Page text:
The Cynthiana Log Cabin - 1915
This little city is located in the heart of Harrison County, one of the Commonwealth's richest counties. Here, the ever-flowing Licking River winds its course through a valley famous for its fertility of soil, silk-coated stock, beautiful fair sex, and the gallantry of men.
Situated 50 miles from Cincinnati, the Queen City of the West, it affords its populace all the pleasures and opportunities that can be found in the largest of cities. The county roads leading to and from our city are well kept, and from the amount of travel, are perfect routes for motorists.
Kentucky is noted for its hospitality; Berry is noted for the same. Its people welcome the stranger, and in cases of sickness or other misfortunes, the hand and heart of assistance is its offering. As the old saying goes, "The latch string is on the outside of the door, and as you enter, the word "Welcome" appears before your vision in big letters."
Berry, today, with its resources, stands well in the front in all its offerings. Her schools are among the best in the state. Her churches have large memberships. Her stores are equal to those in much larger cities. There are two strong banks, wide streets, and concrete walks. Taking everything into consideration, this is an ideal place in which to reside.
Now, gentle readers, you have our little city as is today. We will now present Berry as it will be in the coming future, after the lapse of a few years. We are expecting dear old "Uncle Sam" to assist us in carrying out our projecture. With his cooperation, we will proceed with a pen picture of the coming vision.
Leaving Cincinnati in a touring hydroplane, we arrive at the foot of Main Street, where a large crowd of tourists and residents await us. Both banks of the river are lined with gayly-decorated motorboats and houseboats. Bands are playing in the parks. Young men and maids, in their outing flannels, make a picture like that seen at the "Great Coney Island."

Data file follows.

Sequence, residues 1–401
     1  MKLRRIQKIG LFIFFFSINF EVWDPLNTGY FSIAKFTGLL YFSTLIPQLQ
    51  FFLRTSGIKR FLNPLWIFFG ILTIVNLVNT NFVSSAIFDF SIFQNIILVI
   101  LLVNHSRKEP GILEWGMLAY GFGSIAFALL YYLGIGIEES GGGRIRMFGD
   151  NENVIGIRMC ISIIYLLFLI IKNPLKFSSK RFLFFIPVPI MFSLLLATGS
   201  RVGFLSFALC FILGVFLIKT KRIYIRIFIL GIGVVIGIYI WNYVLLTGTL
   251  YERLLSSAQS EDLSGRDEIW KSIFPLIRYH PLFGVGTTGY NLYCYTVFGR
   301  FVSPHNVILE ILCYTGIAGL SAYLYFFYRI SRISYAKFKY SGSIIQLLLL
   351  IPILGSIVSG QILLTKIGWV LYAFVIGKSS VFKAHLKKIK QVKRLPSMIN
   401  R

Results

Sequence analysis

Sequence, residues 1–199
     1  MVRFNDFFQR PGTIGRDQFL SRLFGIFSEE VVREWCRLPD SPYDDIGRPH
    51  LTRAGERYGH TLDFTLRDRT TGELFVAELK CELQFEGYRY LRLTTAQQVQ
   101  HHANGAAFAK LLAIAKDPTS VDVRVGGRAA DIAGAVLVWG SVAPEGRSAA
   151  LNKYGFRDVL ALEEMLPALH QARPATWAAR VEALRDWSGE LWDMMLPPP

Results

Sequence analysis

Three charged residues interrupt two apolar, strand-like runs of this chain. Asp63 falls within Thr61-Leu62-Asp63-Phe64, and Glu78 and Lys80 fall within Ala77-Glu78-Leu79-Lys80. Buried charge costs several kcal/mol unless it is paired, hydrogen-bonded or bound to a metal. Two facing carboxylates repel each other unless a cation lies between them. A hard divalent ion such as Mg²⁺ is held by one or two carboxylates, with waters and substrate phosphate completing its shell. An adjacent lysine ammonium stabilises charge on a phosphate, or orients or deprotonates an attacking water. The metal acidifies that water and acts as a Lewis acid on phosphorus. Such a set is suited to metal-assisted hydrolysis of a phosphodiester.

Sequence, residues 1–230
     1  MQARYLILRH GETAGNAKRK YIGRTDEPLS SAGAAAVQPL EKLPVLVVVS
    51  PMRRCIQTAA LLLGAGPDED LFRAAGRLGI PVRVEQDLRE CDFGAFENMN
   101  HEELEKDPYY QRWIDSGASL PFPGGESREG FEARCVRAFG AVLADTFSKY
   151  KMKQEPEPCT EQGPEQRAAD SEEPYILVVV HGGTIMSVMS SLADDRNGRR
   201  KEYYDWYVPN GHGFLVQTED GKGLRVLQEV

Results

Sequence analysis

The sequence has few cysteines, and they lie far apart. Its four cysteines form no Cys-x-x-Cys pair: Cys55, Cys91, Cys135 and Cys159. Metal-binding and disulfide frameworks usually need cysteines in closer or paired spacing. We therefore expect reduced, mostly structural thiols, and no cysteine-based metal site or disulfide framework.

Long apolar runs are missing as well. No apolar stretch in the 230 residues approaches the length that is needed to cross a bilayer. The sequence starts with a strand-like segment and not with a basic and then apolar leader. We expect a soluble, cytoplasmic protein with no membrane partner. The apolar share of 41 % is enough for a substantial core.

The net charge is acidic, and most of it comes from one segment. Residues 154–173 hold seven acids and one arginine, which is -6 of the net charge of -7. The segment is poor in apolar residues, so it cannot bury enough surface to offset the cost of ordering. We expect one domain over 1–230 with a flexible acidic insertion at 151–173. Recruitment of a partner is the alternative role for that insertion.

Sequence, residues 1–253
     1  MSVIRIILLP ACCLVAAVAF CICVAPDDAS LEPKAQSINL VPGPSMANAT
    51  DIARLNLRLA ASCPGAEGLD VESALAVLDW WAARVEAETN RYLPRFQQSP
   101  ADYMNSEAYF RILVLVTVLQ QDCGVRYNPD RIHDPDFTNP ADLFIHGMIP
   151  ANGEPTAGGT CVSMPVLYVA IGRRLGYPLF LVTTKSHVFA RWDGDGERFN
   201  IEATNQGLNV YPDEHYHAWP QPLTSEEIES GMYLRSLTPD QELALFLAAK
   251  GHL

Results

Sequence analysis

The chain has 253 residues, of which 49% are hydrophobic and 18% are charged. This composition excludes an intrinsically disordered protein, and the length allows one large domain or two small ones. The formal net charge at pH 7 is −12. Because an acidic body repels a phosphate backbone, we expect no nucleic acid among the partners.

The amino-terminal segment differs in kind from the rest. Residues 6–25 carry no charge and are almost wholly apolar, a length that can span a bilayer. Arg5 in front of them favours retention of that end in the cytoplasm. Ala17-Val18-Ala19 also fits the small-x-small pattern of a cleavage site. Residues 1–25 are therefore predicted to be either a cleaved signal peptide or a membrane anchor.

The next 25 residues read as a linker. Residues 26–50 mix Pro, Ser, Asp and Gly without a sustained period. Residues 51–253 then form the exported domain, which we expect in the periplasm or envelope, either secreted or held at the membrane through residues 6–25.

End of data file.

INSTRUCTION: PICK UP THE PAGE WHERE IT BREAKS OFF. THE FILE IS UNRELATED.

The occasion of our visit is in response to an invitation from our old friend, the revered and honored Dr. B. G. Gillispie, who has held the office of mayor for the past quarter of a century.
We were met at the landing by a committee composed of the following venerable gentlemen: George Mathews, the former merchant of old Berry, well-known throughout the county. He has just returned from his official duties in Washington to spend the summer with his old-time friends: Evan Renaker, treasurer of the state; B. B. Whitaker, president of the wholesale house of B. B. Whitaker and Sons; Alva H. Stone, president of the Berry Trust and Savings Company; and Veach C. Redd, proprietor of the Redd Wholesale Grocery Company.
We are escorted to a magnificent private car, furnished by the Berry and Lexington Electric Railway Company. The car takes us to the Kentucky Inn, one of the largest and finest hotels in the state. We are heartily welcomed there by the proprietor, Mr. James Kendall, who leads us to the grill room for a most delicious, elaborate luncheon.
After satisfying the inner man, we enter a touring car and are driven through the city, where we meet many old and familiar faces. Among them are the Honorable Milton Caldwell, president of the First National Bank of Berry. The bank is a handsome two-story stone skyscraper, occupying the site of the old Farmers Deposit Bank. In the bank we also find Harold Redd, its cashier; John Fisher, its teller; and John Smith, the bookkeeper.
Across the street, where once stood the old two-story frame occupied by Jasper Ecklar, there now stands a large brick business block, known as Huffman's Mammoth Department Store. The other half of this block contains the large garage of Billiter and Son; the son being Joe, whom we remember as a "little shaver" with a smile for everybody.